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BOOK LIST: Books Read in June 2013

Wednesday, July 17, 2013

I read 13 books in June, bringing my number for the year to a total of 65. My reading was a little broader than usual, with some contemporary settings and non-fiction stirred into the mix. All in all, a happy reading month!

June
1. The Duke and I – Julia Quinn
I really enjoyed this frothy historical romance - a lovely way to while away a few peaceful hours in a hot bath with a glass of sparkling wine. 



2. The Ashford Affair – Lauren Willlig
I absolutely loved this book which moves between contemporary New York, and 1920s England and Africa. It's a historical mystery, a family drama, and a romance, all stirred together to create a compulsively readable novel. You can read my review here and here's my Interview with Lauren Willig.



3. Keeping the Castle – Patrice Kindl
What a delightful surprise this book was! I'd read a review of it which said it was a cross between Jane Austen's Pride and Prejudice and Dodie Smith's I Capture the Castle (two of my absolute favourite books), and so I thought I'd give it a whirl. I loved it! It's funny, romantic, and has a slight satirical edge. I'm hoping to run a longer review and interview with the author in a few weeks' time - keep an eye out!



4. The Rosie Project – Graeme Simsion
This book was another pleasant surprise. I'd heard it was rather like contemporary chick lit, except told from the point of view of an man with Asperger's, and so I was a little reluctant to read it. I've read The Curious Incident of the Dog in the Night-time and The London Eye Mystery, and enjoyed them both, but was a little jaded with this type of voice after too many episodes of The Big Bang Theory. I'm glad I read it, though. Its a feel-good read, with enough intelligence to lift it out of the usual chick-lit rut, and it'd make a great rom-com movie.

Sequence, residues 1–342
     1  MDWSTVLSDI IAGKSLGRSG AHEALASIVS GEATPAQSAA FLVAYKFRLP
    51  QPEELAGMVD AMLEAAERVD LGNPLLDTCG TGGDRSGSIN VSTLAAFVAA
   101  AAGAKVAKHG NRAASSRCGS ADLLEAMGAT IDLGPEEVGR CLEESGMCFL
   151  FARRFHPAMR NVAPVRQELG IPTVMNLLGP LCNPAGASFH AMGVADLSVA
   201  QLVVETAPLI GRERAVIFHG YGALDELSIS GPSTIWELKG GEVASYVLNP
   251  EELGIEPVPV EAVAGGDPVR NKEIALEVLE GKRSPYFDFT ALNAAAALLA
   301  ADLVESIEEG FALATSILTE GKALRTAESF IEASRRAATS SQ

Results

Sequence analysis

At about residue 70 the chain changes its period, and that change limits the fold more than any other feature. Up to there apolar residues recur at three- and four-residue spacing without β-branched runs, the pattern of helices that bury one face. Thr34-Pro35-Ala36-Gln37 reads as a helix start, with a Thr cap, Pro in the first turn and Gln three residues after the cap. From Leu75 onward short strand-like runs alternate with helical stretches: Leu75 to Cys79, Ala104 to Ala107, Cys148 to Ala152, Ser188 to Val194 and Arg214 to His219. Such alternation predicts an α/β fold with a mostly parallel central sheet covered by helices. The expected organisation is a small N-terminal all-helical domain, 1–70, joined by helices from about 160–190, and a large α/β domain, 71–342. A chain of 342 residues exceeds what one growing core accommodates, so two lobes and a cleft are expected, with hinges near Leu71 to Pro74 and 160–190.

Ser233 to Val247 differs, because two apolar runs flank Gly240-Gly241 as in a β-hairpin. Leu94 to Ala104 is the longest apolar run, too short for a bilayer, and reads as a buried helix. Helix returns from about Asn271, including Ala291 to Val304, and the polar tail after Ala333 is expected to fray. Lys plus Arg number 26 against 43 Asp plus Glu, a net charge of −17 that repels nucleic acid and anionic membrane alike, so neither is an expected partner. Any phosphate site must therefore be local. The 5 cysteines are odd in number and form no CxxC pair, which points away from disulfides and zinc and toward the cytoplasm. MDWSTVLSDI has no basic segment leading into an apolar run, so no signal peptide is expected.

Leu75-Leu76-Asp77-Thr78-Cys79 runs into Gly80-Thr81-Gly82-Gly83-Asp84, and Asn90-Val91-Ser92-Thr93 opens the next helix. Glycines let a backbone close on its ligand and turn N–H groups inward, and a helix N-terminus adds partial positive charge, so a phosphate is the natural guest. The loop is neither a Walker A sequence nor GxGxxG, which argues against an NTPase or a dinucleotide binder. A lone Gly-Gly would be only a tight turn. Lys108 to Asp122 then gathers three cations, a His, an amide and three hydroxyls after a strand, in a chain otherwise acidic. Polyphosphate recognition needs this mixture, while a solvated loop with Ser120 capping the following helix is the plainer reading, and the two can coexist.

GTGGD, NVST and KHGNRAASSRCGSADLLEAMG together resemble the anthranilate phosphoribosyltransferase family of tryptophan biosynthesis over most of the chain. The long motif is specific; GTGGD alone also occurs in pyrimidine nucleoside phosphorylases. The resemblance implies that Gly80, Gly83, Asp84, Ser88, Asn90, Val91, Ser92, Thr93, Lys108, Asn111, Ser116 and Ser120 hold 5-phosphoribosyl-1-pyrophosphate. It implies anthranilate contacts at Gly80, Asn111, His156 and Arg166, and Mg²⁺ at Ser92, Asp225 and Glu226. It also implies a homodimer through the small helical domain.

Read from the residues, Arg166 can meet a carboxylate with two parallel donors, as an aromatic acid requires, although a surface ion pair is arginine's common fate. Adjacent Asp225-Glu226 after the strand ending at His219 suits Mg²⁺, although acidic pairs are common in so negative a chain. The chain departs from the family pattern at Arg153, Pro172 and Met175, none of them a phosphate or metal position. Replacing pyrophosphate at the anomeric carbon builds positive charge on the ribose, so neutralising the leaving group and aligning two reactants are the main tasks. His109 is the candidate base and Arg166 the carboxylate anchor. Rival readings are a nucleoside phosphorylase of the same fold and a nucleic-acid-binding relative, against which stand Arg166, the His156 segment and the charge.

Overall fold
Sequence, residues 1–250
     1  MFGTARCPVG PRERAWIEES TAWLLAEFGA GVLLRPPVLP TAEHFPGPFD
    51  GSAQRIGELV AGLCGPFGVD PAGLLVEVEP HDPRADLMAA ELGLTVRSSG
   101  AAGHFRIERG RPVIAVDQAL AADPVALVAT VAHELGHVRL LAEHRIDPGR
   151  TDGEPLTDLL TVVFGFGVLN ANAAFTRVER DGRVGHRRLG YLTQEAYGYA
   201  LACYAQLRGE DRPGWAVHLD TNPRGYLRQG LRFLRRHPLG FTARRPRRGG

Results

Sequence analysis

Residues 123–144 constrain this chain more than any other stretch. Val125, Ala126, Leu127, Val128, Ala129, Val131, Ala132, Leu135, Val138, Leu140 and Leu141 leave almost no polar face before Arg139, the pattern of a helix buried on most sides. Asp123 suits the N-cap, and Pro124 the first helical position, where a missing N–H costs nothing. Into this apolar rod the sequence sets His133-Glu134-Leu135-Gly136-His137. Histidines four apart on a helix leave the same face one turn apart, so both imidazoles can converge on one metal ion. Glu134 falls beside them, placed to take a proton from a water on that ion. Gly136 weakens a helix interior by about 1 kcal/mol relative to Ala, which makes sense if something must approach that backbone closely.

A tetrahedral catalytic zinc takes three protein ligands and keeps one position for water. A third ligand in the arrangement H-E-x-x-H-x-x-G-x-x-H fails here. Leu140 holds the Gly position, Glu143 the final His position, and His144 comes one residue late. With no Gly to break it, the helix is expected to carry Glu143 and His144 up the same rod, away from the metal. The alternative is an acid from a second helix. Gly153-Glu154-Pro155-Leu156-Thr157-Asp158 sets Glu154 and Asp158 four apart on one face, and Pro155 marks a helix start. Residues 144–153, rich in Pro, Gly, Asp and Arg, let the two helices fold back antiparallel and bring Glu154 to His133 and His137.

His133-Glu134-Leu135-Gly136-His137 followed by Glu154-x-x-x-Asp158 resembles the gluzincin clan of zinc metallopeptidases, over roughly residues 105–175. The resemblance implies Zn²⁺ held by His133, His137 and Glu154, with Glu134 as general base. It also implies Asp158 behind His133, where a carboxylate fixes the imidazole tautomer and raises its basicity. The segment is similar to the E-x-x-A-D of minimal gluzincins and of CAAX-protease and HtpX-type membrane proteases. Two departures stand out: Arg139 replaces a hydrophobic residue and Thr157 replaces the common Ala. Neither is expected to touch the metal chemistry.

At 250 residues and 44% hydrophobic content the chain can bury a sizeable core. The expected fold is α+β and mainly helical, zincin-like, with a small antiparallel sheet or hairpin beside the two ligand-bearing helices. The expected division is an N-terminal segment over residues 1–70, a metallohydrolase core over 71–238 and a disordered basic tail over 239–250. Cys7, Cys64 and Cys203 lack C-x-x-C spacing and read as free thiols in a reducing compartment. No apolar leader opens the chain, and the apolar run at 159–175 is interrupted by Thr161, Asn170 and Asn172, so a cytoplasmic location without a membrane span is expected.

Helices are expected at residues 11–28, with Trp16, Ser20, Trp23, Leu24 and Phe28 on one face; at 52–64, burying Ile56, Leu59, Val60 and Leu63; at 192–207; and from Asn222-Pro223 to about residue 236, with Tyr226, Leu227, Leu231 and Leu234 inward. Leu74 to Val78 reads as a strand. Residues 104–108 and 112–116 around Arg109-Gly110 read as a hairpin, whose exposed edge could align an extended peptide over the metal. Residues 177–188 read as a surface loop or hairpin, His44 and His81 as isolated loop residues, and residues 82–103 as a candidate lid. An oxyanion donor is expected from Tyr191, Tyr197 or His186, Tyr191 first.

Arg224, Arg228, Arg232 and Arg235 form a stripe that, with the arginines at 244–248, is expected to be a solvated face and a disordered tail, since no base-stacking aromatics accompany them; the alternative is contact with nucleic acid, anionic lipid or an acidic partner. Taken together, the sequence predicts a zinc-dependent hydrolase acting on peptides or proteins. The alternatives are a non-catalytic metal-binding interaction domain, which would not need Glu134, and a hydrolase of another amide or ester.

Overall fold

5. A Proud Taste for Scarlet & Miniver – E.L. Koningsburg 
The great American children's author E.L. Koningsburg sadly died in mid-April, and I remembered her books fondly from childhood. I had never read  A Proud Taste for Scarlet & Miniver and so ordered it in. It's an unusual book, quite unlike her others which are really about everyday kids. This one is a fictive biography of Queen Eleanor of Acquitaine, one of my historical heroines. Its brilliantly well done, bringing Queen Eleanor and her times vividly to life. 

6. A Monster Calls – Patrick Ness
I had been wanting to read A Monster Calls for quite some time, and seeing Patrick Ness speak at the Sydney Writers Festival in May gave me the impetus I needed to buy the book. What can I say? It's brilliant, surprising, harrowing, humbling. I found it hard to breathe after I finished reading it, and my dreams that night were restless and disturbed. A month later, I am still thinking about it. The book packs a hefty emotional wallop and deserves all the prizes it won. 



7. Barkbelly – Cat Weatherill
A wonderfully written, rambunctious adventure fantasy for children, Barkbelly also carries important messages about the importance of tolerance and compassion. I loved Cat Weatherill's earlier book Wild Magic which retells the Pied Piper of Hamelin fairy tale (you can read about it here), and so I was really glad to read her newest venture.